We also got our CDL test days assigned. Originally, I was assigned for 6 a.m. next Tuesday morning. But one of the guys originally scheduled for around 11 a.m. on Monday got his testing time changed because his son is having surgery next Wednesday so if he tested on Monday, he would still not be able to go out with a trainer until Thursday. Plus, they said that they already have a trainer lined up for me but need to find him a trainer who also smokes like he does. Anyway, they switched our testing times so now I am testing on Monday around 11 a.m. and he's testing at 6 a.m. on Tuesday. It doesn't really make any difference I supposed because I wouldn't really get in any more practice time if I tested at 6 a.m. on Tuesday as compared to 11 a.m. Monday. I am in no hurry. I told him that I would mind if they pushed it out to Wednesday so I have more training under my belt. But if my testing on Monday can go like today, I should have nothing to worry about.

CDL:

Commercial Driver's License (CDL)

A CDL is required to drive any of the following vehicles:

  • Any combination of vehicles with a gross combined weight rating (GCWR) of 26,001 or more pounds, providing the gross vehicle weight rating (GVWR) of the vehicle being towed is in excess of 10,000 pounds.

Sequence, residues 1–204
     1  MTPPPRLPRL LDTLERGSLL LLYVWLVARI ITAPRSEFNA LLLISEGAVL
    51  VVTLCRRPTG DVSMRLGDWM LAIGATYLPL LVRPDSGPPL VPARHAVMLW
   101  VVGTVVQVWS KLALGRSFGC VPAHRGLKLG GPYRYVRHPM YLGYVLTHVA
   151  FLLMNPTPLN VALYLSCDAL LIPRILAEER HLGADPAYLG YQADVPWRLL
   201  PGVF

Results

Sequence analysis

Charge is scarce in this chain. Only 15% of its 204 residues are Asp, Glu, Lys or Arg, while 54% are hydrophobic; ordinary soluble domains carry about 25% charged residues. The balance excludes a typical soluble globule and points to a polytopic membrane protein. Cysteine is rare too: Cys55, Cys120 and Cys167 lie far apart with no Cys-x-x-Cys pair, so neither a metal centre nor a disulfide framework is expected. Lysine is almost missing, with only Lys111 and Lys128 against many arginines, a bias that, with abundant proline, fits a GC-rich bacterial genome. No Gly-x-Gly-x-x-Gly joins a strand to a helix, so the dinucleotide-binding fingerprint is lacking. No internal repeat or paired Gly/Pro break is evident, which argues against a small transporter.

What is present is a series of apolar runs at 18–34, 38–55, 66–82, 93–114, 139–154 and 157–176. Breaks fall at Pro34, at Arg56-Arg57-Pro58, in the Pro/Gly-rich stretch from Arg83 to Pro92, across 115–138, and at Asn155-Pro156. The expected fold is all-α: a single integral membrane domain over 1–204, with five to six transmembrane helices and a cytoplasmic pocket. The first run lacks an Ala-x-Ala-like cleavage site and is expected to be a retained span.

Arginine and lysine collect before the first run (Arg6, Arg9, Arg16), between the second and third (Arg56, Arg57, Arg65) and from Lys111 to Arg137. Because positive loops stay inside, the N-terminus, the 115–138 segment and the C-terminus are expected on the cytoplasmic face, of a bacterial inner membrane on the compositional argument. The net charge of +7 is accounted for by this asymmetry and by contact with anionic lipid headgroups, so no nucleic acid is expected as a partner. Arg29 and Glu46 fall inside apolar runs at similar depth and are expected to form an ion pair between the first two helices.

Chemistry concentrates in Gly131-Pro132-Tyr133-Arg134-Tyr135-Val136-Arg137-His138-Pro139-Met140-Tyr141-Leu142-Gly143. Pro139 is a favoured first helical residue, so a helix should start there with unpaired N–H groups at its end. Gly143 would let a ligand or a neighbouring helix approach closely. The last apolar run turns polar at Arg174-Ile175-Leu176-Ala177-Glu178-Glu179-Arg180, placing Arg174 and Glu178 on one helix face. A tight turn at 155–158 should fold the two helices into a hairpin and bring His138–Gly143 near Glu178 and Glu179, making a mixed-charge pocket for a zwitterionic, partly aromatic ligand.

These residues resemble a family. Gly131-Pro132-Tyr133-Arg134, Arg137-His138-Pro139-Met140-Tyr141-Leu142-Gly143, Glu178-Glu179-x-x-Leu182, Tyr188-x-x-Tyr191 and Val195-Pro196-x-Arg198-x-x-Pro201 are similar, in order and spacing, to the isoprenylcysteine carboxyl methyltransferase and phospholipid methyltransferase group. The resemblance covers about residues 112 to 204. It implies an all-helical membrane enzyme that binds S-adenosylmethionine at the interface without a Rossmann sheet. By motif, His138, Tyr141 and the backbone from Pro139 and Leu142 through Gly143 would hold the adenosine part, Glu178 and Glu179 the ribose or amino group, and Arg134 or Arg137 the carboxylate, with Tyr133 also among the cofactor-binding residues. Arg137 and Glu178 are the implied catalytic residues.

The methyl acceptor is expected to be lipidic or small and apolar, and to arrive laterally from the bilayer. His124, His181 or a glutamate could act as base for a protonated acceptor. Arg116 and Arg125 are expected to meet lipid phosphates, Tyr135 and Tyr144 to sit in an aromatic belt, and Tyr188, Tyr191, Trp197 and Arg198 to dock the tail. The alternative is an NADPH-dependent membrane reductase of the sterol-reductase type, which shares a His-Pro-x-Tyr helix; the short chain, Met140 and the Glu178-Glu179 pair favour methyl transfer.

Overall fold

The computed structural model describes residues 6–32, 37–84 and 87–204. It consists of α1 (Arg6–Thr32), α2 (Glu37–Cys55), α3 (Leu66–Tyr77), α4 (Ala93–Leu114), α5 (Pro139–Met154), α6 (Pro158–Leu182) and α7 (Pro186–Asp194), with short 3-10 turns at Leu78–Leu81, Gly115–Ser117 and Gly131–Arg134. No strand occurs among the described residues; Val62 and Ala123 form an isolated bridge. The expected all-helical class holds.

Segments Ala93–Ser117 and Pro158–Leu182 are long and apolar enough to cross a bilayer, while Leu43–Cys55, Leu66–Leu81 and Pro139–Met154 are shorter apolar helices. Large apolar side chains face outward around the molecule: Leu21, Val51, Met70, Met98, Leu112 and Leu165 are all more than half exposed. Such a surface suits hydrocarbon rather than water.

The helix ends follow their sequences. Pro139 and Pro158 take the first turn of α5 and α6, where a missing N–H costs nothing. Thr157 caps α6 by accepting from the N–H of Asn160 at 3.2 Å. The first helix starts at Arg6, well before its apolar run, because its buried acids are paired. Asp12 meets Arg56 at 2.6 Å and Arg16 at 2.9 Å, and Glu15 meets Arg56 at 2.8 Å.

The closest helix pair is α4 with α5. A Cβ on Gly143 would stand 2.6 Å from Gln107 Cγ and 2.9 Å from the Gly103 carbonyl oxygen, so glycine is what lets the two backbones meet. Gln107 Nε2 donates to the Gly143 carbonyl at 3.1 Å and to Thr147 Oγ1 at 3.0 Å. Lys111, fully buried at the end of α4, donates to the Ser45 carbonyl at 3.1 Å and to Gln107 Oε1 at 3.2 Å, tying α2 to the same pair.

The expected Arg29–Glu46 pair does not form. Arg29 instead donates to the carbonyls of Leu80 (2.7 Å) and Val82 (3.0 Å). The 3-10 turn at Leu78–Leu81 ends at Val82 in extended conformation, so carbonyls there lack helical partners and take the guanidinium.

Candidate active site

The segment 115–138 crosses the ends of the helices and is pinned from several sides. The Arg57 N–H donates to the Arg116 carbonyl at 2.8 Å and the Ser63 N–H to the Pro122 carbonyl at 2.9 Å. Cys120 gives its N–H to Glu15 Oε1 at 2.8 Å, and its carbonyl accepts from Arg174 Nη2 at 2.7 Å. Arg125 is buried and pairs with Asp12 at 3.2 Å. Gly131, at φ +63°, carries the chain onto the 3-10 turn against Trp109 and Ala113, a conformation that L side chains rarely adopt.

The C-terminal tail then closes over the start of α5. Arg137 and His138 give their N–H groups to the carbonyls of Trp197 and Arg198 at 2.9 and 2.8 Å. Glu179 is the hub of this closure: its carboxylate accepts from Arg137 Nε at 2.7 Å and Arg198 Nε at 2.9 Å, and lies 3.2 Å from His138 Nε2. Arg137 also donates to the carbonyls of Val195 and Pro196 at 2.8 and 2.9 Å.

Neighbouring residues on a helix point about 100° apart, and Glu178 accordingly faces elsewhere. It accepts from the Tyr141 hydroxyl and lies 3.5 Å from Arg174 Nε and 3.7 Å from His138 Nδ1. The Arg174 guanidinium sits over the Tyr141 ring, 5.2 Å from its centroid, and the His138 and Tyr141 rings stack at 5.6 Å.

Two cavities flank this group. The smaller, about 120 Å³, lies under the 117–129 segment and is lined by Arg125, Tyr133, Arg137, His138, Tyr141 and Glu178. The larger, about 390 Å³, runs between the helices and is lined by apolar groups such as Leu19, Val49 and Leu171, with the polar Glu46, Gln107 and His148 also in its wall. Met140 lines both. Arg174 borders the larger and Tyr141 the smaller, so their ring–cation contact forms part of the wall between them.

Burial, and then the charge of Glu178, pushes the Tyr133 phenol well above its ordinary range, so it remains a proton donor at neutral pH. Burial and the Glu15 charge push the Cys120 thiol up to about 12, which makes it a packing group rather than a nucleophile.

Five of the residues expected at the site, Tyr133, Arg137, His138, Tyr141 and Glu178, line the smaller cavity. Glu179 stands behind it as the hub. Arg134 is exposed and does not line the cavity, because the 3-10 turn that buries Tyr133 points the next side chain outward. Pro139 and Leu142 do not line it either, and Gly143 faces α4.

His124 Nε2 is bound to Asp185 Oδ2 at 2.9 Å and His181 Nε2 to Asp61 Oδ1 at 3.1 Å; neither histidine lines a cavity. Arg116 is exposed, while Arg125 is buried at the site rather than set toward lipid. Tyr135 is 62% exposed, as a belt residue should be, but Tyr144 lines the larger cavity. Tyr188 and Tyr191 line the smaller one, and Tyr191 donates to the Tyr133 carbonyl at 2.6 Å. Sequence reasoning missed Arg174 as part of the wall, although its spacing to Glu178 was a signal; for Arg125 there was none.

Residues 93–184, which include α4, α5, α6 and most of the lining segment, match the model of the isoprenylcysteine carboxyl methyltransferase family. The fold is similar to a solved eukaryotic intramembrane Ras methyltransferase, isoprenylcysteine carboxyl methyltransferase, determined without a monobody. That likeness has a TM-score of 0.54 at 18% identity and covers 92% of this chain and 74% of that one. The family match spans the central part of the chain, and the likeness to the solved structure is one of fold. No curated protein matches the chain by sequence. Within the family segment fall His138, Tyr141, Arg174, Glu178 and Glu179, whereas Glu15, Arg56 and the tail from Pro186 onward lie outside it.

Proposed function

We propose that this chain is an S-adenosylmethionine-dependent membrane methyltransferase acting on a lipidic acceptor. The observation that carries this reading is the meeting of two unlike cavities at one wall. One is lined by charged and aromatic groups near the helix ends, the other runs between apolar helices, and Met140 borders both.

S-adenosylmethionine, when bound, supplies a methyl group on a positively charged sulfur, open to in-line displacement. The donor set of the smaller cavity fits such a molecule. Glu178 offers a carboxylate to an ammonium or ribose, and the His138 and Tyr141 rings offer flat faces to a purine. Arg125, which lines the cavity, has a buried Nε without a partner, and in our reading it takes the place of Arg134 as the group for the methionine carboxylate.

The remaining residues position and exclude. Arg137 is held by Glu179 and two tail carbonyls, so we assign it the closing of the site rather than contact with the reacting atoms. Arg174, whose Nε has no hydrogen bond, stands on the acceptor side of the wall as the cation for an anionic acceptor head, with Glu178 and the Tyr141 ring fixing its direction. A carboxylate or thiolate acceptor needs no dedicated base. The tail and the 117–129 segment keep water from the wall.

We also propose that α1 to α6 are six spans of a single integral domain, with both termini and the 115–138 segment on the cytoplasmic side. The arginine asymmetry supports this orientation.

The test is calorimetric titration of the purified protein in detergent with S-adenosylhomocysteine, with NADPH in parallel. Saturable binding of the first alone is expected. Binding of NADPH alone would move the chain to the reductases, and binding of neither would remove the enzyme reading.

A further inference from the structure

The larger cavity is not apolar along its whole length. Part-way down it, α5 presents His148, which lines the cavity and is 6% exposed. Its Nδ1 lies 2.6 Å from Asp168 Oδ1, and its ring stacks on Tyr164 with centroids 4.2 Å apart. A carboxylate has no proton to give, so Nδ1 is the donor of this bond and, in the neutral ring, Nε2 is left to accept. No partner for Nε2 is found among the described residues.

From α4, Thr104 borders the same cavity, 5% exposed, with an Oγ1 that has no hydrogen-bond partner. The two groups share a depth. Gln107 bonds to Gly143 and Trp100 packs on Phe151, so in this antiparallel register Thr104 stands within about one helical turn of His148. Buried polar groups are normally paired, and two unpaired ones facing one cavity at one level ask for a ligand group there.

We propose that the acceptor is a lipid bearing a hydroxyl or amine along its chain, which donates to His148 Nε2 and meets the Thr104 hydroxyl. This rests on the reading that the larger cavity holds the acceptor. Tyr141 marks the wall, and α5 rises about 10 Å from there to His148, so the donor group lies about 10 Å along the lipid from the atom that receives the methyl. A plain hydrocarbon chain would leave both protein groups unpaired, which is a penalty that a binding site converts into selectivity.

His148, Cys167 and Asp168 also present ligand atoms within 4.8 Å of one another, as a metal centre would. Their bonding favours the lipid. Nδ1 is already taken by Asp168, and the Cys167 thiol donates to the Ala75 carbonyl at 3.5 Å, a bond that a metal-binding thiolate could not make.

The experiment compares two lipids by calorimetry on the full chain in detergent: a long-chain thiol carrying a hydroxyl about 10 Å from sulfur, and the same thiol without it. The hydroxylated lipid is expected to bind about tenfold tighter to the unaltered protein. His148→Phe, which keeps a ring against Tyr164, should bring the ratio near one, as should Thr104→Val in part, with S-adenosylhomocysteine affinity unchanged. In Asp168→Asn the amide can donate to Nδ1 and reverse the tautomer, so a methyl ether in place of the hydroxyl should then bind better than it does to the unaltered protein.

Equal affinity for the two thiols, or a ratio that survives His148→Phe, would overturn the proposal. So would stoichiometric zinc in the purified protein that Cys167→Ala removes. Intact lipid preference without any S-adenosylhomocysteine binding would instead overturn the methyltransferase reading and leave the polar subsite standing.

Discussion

• Any single vehicle with a GVWR of 26,001 or more pounds, or any such vehicle towing another not in excess of 10,000 pounds.
  • Any vehicle, regardless of size, designed to transport 16 or more persons, including the driver.
  • Any vehicle required by federal regulations to be placarded while transporting hazardous materials.

Interstate:

Commercial trade, business, movement of goods or money, or transportation from one state to another, regulated by the Federal Department Of Transportation (DOT).

Carl A.'s Comment
member avatar

Thanks for keeping us all informed, sounds like your doing great. The one thing that no matter how well you perform your off-sets or anything to do with backing I think that G-O-A-L is a very good habit to get into even though you are lined up perfectly. If the others ask you why are you getting out to look, you could respond, well how do I know if you or somebody else is lying down in the path of my trailer. Pretty sure your trainer would agree. Anyways sounds like your doing very well.

PPGER's Comment
member avatar

Thanks for keeping us all informed, sounds like your doing great. The one thing that no matter how well you perform your off-sets or anything to do with backing I think that G-O-A-L is a very good habit to get into even though you are lined up perfectly. If the others ask you why are you getting out to look, you could respond, well how do I know if you or somebody else is lying down in the path of my trailer. Pretty sure your trainer would agree. Anyways sounds like your doing very well.